DISCUSSION: In lines 39-43, the author of passage B speaks very highly of cross examination, and views it as helpful for finding scientific truth.
There was something about that in passage A. Lines 12-17 are relevant: they say that the adversarial process doesn’t help us find scientific truth. Cross-examination is a key part of the adversarial process, so this seems like something that the author of passage B would disagree with.
Note that I found these lines before looking at the answers. It is helpful to see the lines in context. Remember also that you must judge each answer in relation specifically to lines 39-43 in passage B. That’s a very small part of the passage.
- Cross examination only happens at trial. The author of passage B said that lack of cross examination meant appeals judges shouldn’t research. So the fact that trials do have cross examination suggests the author of passage B might be ok with judicial research there.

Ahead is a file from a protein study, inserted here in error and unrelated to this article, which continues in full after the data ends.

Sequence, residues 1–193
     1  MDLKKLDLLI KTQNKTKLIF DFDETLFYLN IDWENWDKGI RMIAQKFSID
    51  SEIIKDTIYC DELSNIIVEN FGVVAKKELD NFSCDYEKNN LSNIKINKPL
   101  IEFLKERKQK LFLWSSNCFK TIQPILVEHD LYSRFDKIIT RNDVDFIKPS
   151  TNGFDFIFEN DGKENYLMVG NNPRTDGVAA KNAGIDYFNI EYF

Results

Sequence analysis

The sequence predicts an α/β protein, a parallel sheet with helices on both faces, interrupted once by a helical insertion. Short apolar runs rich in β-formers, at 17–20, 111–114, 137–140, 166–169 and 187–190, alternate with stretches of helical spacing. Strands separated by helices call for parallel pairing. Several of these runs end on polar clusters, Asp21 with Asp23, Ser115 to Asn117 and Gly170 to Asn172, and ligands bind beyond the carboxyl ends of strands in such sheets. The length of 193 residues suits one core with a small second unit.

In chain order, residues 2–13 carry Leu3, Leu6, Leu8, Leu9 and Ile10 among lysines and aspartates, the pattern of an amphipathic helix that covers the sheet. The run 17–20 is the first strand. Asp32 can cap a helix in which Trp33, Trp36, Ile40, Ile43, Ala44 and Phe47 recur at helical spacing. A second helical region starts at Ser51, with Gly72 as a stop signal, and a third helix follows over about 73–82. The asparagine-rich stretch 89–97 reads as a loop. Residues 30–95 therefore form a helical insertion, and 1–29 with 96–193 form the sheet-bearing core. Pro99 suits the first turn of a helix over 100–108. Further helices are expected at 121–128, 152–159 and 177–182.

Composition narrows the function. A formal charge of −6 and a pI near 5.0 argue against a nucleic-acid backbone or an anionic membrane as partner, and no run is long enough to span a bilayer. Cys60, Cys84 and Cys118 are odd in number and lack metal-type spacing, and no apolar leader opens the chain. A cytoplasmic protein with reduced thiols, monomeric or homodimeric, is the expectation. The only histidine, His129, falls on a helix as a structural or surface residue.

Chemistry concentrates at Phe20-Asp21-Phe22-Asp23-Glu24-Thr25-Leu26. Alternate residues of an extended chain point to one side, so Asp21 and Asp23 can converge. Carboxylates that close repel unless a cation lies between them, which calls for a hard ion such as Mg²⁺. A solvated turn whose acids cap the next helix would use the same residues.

- CORRECT. See the analysis above. Cross examination is a key part of the adversarial system, and the author of passage B says in lines 39-43 that cross examination helps find scientific truths.
- Both authors agree with this, and this has nothing to do with the cross examination excerpt quoted in this question.
- Cross examination helps expose erroneous evidence, so the author would seem to agree with the spirit of this statement.
- This seems to fit with what the author of passage B is saying: cross examination is part of the trial structure.
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